Not with an 850. There are some barrel bolts you will not have access too if you bolt the head to the barrel. I suppose it could be done on a 750, but I don't think you'd have enough room to clear the pistons.
I doubt it could be done on a 750 either. However if you must, give it a try. Would need to clear only the cylinder base studs then maybe rock the head/cylinders back since the pistons will pivot on their wrist pins. It will be a major pain putting it back this way.
It is possible to remove the 750 head and barrels whilst still bolted together. There is an article on the fitting a Dunstall 810 kit included in the book "Norton Commando Gold Portfolio" which describes doing just that, along with a photo apparently showing the head and barrels still bolted together being lifted out the frame.
Fitting it that way could be another matter entirely?
I did it on my 71 750 back in 73 when I was having problems. A neighbour helped me because the assy. was so awkward. It is difficult to get the rings back in place as I recall,but I was young and foolish back then. Since then I have had many 750s apart as I restored them and would not recommend doing it that way again. It can be done though.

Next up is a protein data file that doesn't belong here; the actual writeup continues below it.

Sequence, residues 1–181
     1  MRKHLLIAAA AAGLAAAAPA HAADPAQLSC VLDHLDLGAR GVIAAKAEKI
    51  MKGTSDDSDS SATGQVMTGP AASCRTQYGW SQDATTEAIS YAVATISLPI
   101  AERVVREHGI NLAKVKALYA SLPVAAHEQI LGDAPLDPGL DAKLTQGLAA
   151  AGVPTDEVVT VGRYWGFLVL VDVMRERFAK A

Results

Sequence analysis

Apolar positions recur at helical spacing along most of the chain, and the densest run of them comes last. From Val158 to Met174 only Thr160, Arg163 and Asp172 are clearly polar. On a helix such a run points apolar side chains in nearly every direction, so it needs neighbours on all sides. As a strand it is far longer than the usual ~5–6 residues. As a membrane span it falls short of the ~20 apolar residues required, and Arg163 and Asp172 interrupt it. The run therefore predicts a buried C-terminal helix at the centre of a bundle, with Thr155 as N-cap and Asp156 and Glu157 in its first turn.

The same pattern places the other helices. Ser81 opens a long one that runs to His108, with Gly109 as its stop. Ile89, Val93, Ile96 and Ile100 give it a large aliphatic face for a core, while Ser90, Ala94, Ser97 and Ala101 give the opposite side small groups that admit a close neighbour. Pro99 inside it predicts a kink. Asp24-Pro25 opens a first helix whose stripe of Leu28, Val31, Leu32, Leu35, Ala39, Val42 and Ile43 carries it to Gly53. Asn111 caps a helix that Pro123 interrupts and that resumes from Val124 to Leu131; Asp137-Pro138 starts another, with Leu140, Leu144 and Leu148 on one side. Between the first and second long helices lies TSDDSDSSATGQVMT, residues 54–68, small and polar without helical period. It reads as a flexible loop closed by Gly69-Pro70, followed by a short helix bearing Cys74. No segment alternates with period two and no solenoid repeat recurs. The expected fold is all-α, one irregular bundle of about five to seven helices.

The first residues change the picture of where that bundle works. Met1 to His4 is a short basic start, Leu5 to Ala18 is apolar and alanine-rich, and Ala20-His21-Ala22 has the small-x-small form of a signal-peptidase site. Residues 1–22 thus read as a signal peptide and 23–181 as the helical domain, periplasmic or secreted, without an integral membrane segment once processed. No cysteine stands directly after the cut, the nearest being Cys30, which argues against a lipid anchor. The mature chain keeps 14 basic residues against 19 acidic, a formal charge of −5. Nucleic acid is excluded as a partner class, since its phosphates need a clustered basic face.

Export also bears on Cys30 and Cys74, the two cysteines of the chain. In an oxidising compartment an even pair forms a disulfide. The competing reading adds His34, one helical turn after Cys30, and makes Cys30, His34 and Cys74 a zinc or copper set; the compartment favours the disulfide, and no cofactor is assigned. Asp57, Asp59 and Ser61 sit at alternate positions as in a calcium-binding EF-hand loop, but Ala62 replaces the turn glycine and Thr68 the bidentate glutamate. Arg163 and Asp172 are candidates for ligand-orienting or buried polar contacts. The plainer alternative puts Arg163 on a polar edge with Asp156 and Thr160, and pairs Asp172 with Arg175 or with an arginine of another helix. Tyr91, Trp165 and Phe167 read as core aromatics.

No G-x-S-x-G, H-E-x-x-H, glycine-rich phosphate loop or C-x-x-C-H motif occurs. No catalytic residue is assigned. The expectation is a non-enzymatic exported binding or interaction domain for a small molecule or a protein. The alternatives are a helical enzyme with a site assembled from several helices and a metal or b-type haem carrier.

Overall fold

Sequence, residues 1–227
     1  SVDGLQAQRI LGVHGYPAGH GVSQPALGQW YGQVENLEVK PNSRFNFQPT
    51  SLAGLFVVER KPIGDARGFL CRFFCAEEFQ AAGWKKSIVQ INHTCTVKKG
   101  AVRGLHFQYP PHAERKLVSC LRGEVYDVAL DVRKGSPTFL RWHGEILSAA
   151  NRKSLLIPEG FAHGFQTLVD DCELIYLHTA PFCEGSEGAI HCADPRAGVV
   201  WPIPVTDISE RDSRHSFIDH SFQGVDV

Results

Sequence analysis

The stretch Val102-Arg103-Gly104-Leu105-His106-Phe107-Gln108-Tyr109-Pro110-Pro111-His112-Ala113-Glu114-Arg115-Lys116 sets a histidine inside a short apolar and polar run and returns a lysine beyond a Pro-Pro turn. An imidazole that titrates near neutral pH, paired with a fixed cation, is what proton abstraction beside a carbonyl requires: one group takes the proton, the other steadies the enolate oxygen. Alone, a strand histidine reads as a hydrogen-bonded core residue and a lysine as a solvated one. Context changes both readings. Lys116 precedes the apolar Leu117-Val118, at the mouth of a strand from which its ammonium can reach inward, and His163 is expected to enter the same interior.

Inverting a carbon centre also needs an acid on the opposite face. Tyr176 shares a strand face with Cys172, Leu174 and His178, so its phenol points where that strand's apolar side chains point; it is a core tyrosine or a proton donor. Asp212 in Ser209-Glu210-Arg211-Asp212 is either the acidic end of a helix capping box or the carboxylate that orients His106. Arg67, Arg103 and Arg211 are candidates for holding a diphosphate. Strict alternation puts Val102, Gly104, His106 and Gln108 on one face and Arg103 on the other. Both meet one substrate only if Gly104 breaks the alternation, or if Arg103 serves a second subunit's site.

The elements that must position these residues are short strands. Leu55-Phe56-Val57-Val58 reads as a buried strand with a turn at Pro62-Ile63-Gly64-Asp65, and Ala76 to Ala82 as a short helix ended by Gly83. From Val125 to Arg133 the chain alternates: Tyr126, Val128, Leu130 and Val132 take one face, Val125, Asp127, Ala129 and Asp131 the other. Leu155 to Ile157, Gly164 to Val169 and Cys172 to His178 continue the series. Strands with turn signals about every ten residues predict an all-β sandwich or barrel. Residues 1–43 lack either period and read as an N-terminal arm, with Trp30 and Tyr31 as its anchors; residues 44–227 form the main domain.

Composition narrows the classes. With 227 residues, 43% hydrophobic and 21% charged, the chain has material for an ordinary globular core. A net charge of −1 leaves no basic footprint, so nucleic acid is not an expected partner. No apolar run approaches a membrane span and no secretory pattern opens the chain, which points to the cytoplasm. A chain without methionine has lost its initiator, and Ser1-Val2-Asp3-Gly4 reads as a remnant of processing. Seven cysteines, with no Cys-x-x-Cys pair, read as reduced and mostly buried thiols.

I have done it twice once with the engine in the frame and once with it on the bench. In both cases the pistons were fitted into the bores with the inner circlips fitted as far into the bores as the gudgeon pin holes and then the whole assembly lowered down to the rods and and pins fitted and outer circlips carefully fitted. If you are doing it in the frame you will need to be strong or have a strong mate sit across the bike holding it all up while you faff about with the gudgeon pins and circlips. Worthwhile way of doing it if you have no need to break the head to barrel joint and all the re-torquing that is required if you do. As someone else said if you have an 850 or 750 with throughbolt barrels it can't be done.